Starting today, we will be running a new series on Yesterday, Tomorrow, and Fantasy. This fairly monumental project will be to watch as many of the theatrical films produced during "Walt's Era" as practicable, in order. It's a project we've been wanting to do for a long time, as our collection of those films has grown exponentially with a Disney Movie Club membership. Now we're finally taking the plunge!
For the format of this project, we owe a debt to FoxxFur of Passport to Dreams Old and New, who did a similar project with the films made in the decade immediately after Walt Disney's untimely passing. On the second Saturday of every month, we will be looking at another handful of films in their sequence of release, reviewing each film and drawing observations from how Disney's cinematic art progresses over time. This will include both feature films (films over 40 minutes) and theatrical shorts (films under 40 minutes) but not the Mickey Mouse, Donald Duck, Goofy, Silly Symphony or other such cartoons that were often packaged with and preceded the films. We will, however, be putting the films in their historical context against those cartoons and what Disney was doing on TV and in theme parks at those times. I'll also include some historical data about the films themselves, letting historical box office returns and that sort of thing factor into my reviews.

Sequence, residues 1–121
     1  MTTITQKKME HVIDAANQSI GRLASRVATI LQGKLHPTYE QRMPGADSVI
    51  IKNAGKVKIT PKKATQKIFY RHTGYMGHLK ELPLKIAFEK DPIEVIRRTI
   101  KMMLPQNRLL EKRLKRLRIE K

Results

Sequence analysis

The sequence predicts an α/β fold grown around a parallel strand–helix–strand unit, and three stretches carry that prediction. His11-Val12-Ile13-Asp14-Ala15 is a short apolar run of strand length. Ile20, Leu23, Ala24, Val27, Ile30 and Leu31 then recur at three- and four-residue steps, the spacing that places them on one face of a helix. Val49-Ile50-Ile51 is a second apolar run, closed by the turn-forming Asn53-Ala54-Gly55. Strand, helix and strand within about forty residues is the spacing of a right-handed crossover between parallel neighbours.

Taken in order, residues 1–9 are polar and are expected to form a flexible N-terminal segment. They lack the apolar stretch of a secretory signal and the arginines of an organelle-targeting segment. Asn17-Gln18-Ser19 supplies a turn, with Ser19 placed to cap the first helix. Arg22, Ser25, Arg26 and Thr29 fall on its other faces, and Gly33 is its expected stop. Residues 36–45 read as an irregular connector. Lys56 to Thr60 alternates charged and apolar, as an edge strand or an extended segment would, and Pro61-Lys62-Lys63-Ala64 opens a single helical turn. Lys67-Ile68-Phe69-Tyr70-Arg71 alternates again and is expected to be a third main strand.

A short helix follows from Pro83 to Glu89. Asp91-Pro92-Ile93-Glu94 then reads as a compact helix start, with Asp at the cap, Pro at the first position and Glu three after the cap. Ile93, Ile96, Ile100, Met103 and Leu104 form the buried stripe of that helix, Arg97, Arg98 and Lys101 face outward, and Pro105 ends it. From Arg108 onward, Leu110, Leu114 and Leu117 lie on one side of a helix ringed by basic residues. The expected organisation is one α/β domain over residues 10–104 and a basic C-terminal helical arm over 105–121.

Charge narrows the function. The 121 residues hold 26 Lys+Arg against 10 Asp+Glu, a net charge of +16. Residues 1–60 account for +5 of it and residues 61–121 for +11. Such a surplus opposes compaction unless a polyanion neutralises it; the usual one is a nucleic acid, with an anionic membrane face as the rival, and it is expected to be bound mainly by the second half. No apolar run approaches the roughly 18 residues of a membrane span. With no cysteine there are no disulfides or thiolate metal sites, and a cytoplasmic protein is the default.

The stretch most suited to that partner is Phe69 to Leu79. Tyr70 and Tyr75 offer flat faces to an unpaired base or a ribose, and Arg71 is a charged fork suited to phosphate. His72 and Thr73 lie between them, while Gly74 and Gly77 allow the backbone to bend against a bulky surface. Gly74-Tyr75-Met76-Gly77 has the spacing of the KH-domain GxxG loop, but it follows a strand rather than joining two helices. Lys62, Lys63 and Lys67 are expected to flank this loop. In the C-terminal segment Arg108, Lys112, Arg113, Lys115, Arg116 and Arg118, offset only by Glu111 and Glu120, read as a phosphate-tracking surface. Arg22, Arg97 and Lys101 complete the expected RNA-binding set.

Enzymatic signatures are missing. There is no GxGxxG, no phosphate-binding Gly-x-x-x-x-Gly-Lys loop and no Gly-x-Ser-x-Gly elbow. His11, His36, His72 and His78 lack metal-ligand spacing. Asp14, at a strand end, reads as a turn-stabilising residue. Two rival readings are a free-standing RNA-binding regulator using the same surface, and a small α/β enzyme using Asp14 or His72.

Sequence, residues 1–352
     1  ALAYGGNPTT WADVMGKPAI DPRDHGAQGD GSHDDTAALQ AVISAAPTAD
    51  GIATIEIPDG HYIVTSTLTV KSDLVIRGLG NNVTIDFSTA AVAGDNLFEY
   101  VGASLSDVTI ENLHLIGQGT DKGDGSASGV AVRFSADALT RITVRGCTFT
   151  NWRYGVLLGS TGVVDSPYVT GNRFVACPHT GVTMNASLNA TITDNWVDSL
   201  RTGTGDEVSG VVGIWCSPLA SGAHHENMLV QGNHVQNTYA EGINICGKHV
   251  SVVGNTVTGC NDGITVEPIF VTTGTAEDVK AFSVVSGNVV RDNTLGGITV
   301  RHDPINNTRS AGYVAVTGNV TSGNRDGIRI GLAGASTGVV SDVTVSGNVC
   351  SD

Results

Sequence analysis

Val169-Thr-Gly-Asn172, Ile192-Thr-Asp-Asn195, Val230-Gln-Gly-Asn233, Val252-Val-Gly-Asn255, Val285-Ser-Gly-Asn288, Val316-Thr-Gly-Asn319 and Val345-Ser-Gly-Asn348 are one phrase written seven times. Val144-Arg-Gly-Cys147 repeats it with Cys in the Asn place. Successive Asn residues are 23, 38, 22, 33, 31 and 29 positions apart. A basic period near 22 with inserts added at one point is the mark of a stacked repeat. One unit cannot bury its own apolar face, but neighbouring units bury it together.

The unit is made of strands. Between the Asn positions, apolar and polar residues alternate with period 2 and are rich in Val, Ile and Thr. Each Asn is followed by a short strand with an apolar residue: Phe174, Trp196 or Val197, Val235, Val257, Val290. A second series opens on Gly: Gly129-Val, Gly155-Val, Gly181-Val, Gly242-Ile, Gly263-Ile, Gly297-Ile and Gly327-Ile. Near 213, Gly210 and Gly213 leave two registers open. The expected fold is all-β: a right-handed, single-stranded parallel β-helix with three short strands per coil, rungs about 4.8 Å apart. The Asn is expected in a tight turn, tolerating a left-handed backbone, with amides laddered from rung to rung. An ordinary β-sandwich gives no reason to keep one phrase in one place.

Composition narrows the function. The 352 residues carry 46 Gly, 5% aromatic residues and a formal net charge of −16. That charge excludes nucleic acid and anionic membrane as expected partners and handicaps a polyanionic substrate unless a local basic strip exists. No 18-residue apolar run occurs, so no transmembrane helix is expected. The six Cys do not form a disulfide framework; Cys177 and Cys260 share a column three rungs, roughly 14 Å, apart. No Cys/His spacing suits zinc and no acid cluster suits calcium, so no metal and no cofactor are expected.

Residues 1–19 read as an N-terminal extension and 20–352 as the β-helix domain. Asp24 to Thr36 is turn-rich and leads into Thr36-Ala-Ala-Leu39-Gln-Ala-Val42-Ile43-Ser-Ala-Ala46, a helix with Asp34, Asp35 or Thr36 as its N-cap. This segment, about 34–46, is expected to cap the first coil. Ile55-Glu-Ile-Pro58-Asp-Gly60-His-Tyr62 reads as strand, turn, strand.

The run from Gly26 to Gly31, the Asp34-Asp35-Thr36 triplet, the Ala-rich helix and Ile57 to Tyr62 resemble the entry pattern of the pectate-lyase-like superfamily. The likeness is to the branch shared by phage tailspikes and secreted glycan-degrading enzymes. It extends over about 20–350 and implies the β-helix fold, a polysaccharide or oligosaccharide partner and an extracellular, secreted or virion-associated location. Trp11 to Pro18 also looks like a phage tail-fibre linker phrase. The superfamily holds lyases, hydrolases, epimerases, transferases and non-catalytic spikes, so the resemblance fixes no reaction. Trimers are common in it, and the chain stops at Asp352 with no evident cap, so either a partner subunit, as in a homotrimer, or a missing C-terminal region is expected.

Our journey will take us through a 30-year period from 1937's release of Disney's first theatrical film Snow White and the Seven Dwarfs to 1967's The Jungle Book, the last film which bore the direct influence of Walt Disney. Unfortunately there are a handful of films that we are forced to bypass because they are simply not available, like the People and Places series that ought to have been released alongside the True-Life Adventures in the Legacy Collection. There might even be a small number I'll deliberately skip, since we must face facts that not everything made by Walt Disney was pure gold. Nor can I promise to have something insightful to say about everything... I'm already pretty sure that my review of The Fighting Prince of Donegal will be something to the effect of "Like many films released in 1966, this film was also released in 1966."
I do hope that I may be able to say something interesting some of the time though, and that the exercise of watching them in order will open up some new ways of looking. I heartily invite you to watch along with me and share your own thoughts in the comments. Our series will begin next Saturday with, of course, Snow White and the Seven Dwarfs.